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Summer safety

Summer safety

The hot summer season in NZ can present some hazards for our pets.


Here are the key watch-outs and safety tips to help keep your pets cool, happy and healthy this summer.

Heat Stroke

Pets love the sun, but the sun isn’t always good for them. Too much time in the sun can overheat them, particularly those with shorter noses such as Pugs, Boston Terriers and Bulldogs. They often enjoy themselves too much and forget to take a break to cool down in the shade or take a second to hydrate, so here are some ideas below on how to cool your pet down.

  • Excersize your dog early in the cooler parts of the day, early in the morning, evening or at nightExercise your dog during the cooler parts of the day, early in the evening or late at night. Test how hot the ground is before you take your dog for a walk. Watch out especially for asphalt during hot weather.
  • Prevent your pet from overheating by encouraging them to stay in shaded areas. Remove them from any environment where they appear to be hot.
  • Cool your pet through their paws and stomach. If your pet appears to be overheating try having them lie on a wet towel and offer them cool water but do not force them to drink it. Never use ice or very cold water, as cooling a pet too quickly can delay the internal cooling of their body.
  • Paddling pools and sprinklers (under supervision) are a fun way to keep your dog cool or you can treat your dog with an ice block (made from chicken or beef stock). Chew toys are also great for freezing.
  • Grooming is essential for your pet, particularly in summer. Regular brushing will help to rid your pet of excess fur which can contribute to overheating. Depending on the thickness of their coat they may benefit from a clip.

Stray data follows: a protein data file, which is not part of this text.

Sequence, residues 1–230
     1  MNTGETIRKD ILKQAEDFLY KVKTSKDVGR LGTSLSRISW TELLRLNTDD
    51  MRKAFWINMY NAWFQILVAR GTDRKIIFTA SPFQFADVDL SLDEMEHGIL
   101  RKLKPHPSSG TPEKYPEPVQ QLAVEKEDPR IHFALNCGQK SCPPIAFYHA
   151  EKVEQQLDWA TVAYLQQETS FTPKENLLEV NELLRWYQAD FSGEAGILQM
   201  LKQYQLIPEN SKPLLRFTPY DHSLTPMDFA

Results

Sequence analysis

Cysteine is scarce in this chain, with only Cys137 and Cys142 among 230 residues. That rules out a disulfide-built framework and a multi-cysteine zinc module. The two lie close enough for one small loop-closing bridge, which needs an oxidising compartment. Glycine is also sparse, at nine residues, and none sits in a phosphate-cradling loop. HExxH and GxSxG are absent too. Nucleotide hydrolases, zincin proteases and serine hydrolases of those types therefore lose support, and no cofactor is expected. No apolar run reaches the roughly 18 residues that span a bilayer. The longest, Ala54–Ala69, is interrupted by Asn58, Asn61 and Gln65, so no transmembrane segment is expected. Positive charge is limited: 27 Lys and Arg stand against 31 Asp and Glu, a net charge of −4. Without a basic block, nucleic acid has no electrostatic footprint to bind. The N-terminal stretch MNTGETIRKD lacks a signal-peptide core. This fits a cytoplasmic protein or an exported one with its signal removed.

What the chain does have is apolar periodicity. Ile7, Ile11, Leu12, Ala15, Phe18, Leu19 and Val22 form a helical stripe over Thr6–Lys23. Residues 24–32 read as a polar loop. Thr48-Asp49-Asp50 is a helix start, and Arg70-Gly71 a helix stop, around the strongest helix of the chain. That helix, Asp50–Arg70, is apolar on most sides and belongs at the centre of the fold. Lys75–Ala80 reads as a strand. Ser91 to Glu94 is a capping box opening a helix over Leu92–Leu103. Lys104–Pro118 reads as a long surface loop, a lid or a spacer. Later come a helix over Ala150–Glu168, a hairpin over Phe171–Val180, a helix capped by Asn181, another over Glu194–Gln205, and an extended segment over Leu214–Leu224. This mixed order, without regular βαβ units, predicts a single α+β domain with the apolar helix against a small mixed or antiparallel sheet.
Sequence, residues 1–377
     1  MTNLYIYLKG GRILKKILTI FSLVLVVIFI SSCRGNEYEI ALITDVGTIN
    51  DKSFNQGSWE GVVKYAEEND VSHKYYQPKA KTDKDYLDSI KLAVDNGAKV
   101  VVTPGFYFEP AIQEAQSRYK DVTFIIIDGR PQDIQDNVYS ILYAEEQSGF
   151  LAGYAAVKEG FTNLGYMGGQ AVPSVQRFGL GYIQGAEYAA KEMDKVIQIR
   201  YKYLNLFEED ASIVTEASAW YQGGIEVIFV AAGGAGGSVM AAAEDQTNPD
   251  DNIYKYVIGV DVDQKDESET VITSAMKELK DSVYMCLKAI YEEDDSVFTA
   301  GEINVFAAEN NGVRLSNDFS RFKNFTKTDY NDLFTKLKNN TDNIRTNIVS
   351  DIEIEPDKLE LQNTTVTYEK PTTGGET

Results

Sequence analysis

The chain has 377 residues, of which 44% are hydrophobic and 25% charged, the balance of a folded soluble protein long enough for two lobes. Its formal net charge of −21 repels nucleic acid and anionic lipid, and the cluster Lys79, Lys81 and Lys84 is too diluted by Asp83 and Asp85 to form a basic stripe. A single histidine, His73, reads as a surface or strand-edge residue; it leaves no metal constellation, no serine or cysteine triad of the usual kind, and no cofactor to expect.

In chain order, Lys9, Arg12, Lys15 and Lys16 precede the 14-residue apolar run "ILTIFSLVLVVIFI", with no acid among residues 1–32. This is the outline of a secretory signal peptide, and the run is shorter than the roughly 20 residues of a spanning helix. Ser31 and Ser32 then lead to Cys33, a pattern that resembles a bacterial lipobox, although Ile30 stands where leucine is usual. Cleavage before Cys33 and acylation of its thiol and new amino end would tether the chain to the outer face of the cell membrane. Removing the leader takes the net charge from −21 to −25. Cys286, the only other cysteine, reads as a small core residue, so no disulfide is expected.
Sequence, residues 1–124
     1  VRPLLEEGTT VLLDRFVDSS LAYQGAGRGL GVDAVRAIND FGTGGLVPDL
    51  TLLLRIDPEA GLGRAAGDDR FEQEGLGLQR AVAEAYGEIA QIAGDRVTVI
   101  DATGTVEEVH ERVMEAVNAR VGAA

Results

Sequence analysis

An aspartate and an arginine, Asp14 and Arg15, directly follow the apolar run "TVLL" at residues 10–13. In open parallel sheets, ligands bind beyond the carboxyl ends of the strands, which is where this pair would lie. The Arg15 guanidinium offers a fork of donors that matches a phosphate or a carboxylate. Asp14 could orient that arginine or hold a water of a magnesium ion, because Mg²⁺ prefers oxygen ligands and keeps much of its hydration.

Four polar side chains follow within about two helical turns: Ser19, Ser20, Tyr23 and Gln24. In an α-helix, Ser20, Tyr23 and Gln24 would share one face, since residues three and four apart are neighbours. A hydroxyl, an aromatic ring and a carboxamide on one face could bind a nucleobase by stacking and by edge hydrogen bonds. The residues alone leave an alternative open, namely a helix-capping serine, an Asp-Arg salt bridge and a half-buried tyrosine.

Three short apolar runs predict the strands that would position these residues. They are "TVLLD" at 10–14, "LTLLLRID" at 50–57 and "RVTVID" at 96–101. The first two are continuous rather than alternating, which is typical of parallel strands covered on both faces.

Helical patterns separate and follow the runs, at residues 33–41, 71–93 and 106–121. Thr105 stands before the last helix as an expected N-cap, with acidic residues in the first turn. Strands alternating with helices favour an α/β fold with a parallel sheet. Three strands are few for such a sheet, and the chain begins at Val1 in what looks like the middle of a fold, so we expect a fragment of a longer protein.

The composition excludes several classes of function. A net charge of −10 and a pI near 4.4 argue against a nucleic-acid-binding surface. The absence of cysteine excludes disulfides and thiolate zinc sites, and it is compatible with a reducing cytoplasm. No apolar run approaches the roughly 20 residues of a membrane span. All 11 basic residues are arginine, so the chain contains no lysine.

• Like us, all pets can get sunburnt if they lie in the sun for too long particularly in areas where there is little to no fur, or fur that is very light in colour. Cover these areas in pet sunscreen when exposed to the sun. Only use pet sunscreen as regular sunscreen can be toxic to animals.


It is important to keep your pet hydrated. Different animals have different needs in the heat. Thicker and darker coats do absorb more heat than the lighter coats so you need to ensure you keep a close eye on them.

Ensure your pet always has access to fresh, clean waterIf your pet is overweight, there is a increased risk of dehydration, so encourage them to take regular water breaks. Carry a water bottle with you at all times, especially when on a walk and in the car.

A lot of pets' are tempted by running water, if your pet loves drinking from a tap, a fountain is a great idea for encouraging them to drink with the added benefit of continuous access to fresh water. 

Alternatively if they are not a fan of water, the easiest way to ensure they are hydrated is by including wet food to their diet, it is an important source of moisture.  

Watch for signs of dehydration
Dogs do not sweat, instead they pant. Excessive panting and drooling with a dry nose are obvious signs that they might be dehydrated or overheated. If they are also lethargic with bloodshot eyes, visit your local Animates Vetcare clinic for advice.

Here's a simple tip to see how hydrated your pet is: gently slide your finger across your pet’s gums; dry, sticky gums or unusal colouring can be a sign of dehydration. Press their gums and the colour should return within two seconds, if this takes longer it can also be a sign of dehydration.

If you are worried that your pet is dehydrated or sick, contact your local Animates Vetcare clinic.